Top Five Areas People Usually Overlook in Warehouses

Top Five Areas People Usually Overlook in Warehouses
Danny Gill

When first deciding to build a warehouse, often the top priority on people’s minds is how to maximize the use of the space or how to reduce costs. While these are important, they should be thought about a little further down the line. Planning in a holistic manner with careful decisions being made beyond just the basic layout can help keep those building a warehouse on the right path.

From an outsider’s perspective, a warehouse may just look like four-walls and a roof where products are stored, but there’s much more going on behind the scenes. Often overlooked factors both large and small can have significant effects and plague a warehouse with inefficiency, creating bottlenecks can have a cascading effect throughout the warehouse. Attentive management and fully thought out processes can make work flow more efficiency and increase productivity.

For a more in-depth look, we sat down with Mr. Tim Burger, General Manager Solution Design & PMO, Business Development, Mekong Cluster (Thailand, Vietnam, Cambodia, Laos & Myanmar) from CEVA Logistics to explore what common mistakes people usually over look when designing warehouses and how we can avoid and eliminate those factors.

A Start in the Right Direction

Mr. Tim Burger

When designing a warehouse, there is more details to consider than first meets the eye. Mr. Burger said that, “To design a warehouse, there are several steps that need to be done correctly to ensure that the building is designed and built to suit a customer’s needs. When starting the process, there are normally two types of categories we consider. The first type is a greenfield solution, which we start from scratch and sit with the landlords to discuss the customer and best practices that will result in a Build-to-Suit solution. The second, which is more popular in Thailand, is retrofitting a current or existing facility to the customers’ requirements. Customers need to provide data such as products or commodities, volumes, what type of business model they require, orders structures,how products are transported to and from as these all have an impact on how the goods are going in and out of the warehouse. We need to calculate what kind of footprint is needed, which in turn is based on the inventory analysis by volume throughput against stock and type of product. We need to know those elements to accurately calculate, analyze and map out our solution direction.”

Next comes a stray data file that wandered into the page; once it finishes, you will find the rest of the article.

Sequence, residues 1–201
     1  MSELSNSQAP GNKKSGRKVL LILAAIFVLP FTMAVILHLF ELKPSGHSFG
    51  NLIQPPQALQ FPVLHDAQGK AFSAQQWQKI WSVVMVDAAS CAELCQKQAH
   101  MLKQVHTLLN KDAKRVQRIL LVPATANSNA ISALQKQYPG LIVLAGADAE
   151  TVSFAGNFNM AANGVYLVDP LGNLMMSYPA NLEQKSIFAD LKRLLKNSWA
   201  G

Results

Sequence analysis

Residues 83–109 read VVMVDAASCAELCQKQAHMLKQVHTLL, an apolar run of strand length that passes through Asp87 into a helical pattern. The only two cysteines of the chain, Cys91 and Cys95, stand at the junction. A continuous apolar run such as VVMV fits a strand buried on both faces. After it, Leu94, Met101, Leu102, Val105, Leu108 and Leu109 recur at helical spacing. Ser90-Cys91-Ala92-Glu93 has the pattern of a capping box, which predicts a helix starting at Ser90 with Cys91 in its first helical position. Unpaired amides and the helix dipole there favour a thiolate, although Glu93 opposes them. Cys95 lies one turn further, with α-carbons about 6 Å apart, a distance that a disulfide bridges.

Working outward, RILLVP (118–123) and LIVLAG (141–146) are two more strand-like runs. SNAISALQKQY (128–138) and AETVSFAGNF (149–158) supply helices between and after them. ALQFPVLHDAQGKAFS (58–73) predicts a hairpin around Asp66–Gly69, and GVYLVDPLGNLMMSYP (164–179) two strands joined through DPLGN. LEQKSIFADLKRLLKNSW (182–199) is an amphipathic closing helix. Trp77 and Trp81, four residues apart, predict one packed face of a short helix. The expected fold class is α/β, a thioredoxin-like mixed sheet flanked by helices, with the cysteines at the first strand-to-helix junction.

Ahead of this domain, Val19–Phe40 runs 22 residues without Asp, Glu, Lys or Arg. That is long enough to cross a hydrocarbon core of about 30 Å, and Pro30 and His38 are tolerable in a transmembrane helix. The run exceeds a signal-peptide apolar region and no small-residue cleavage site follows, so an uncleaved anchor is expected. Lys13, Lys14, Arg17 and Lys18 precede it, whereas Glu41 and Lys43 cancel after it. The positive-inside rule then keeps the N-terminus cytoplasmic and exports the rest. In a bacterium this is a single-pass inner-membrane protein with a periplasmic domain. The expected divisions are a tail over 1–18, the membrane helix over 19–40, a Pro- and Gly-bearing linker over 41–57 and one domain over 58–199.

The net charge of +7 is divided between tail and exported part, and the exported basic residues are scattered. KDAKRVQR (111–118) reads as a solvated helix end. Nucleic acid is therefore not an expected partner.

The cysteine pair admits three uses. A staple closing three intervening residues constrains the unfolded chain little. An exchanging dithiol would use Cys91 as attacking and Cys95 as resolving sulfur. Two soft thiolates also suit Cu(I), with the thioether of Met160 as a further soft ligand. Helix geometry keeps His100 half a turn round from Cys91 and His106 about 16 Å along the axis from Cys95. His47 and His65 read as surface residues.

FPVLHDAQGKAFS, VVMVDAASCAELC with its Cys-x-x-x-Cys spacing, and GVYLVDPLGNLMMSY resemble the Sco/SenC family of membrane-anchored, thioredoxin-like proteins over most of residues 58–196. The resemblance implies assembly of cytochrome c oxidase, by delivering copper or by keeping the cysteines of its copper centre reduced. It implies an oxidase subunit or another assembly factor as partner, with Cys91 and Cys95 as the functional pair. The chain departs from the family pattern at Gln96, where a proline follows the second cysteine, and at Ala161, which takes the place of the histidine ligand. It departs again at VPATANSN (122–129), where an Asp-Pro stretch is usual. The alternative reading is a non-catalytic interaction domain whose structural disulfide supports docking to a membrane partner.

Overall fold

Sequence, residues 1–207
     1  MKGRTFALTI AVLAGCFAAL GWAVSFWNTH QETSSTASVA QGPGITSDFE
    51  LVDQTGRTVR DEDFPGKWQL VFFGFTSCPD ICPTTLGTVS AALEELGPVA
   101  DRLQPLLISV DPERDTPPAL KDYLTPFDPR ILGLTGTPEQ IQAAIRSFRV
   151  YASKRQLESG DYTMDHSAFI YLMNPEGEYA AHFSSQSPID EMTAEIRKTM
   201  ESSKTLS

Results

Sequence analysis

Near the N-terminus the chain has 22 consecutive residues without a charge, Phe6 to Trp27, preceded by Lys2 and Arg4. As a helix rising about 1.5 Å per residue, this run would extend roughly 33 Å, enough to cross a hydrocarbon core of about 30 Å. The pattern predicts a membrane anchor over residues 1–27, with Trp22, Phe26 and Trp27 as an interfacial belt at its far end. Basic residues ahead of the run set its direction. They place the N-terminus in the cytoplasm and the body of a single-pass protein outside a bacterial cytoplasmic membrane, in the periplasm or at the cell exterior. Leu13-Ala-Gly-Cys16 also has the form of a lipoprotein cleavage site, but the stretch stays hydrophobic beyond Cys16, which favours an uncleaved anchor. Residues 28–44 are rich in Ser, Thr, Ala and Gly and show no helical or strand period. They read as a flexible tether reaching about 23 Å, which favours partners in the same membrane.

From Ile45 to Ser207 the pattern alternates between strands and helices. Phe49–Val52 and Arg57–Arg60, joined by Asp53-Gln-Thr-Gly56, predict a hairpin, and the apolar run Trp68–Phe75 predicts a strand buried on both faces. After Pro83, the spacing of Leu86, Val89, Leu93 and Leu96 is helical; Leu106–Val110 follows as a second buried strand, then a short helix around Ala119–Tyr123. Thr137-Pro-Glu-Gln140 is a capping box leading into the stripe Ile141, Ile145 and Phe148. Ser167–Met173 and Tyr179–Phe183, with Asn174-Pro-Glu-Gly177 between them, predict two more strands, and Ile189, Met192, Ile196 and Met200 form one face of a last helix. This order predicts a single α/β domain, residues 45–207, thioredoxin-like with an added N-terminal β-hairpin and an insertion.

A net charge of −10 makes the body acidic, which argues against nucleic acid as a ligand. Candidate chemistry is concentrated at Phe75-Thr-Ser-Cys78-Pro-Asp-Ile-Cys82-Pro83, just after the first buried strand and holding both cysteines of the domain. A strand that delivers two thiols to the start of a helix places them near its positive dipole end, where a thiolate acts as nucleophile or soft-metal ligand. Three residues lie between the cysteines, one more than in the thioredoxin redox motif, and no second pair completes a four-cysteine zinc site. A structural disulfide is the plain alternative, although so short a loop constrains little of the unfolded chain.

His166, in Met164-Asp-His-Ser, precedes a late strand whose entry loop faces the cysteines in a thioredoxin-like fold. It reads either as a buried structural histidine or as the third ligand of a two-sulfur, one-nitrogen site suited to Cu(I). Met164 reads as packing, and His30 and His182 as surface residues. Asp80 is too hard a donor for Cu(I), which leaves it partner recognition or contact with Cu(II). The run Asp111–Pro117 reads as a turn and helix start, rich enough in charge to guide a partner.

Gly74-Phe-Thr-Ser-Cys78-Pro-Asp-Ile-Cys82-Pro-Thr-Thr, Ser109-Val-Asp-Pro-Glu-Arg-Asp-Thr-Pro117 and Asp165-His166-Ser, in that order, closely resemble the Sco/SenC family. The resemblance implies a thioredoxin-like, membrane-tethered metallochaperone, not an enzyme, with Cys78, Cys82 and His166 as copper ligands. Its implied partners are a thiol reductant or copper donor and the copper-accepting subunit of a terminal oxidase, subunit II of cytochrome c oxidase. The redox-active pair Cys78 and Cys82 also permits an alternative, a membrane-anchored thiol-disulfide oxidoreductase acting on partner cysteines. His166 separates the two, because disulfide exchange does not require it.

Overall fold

With so many details and precise information, sometimes customers often overlook important factors which causes processes in the warehouse to become inefficient. From Mr. Burger’s experiences, there are some areas that customers usually misunderstood and overlook. Let’s explore find out the ways to eliminate them.

Top Five Areas People Usually Overlook in Warehouses

1. Material Flows

“Material flow is one of the biggest issues we face during consultancy. It’s very easy to just put some racks and pallets in a warehouse, but to effectively run a warehouse you must be able to have good movement and flow of the material in the warehouse, that’s the real challenge. The struggle which you often see in the warehouse is non optimal put-away and picking logic which can become the biggest issue. You must analyse and map out the warehouse by finding a balance between optimal stock/pick locations and how activities are connected as part of the material flow in the warehouse, as you try to balance out traffic across the warehouse. Some ways to optimize these material flows are; proper slotting of the locations by doing a comprehensive ABC(D) analysis, creating optimized picking paths and try to seprate man and machine in work area’s as much as possible. You need to design the material flow within the warehouse before you even begin with the design of the infrastructure layout,” Mr. Burger said.

2. Marshalling Area

To reduce costs and maximize the value use of space for storage, people normally design the marshalling area too small. Mr. Burger said that, “People often think of the best way to save direct costs and they often design the marshalling areas too small or forget to properly map it out based on inbound/outbound volumes, order cut-off times, truck sizes picking strategies and daily peaks of the activities (seasonality). The receiving/dispatch area is a fundamentally critical area in any warehouse, because issues that happen here will cascade throughout the warehouse, creating a number of other issues like pallet in the aisles, stock discrepancies, reduced productivities and/or quality issues will impact later on. These inefficiencies are indirectly impacting costs and erode profits.”
“As a benchmark, the marshalling area should be between around fifteen to twenty percent of your total space depending on the business model. But in Asia, the marshalling area tends to be too half or less in many cases. I often see warehouses trying to use a marshalling area 50% the size it should be and result in the staging area to overflow and creating a lot of issues down the line,” Mr. Burger demonstrated.

3. Infrastructure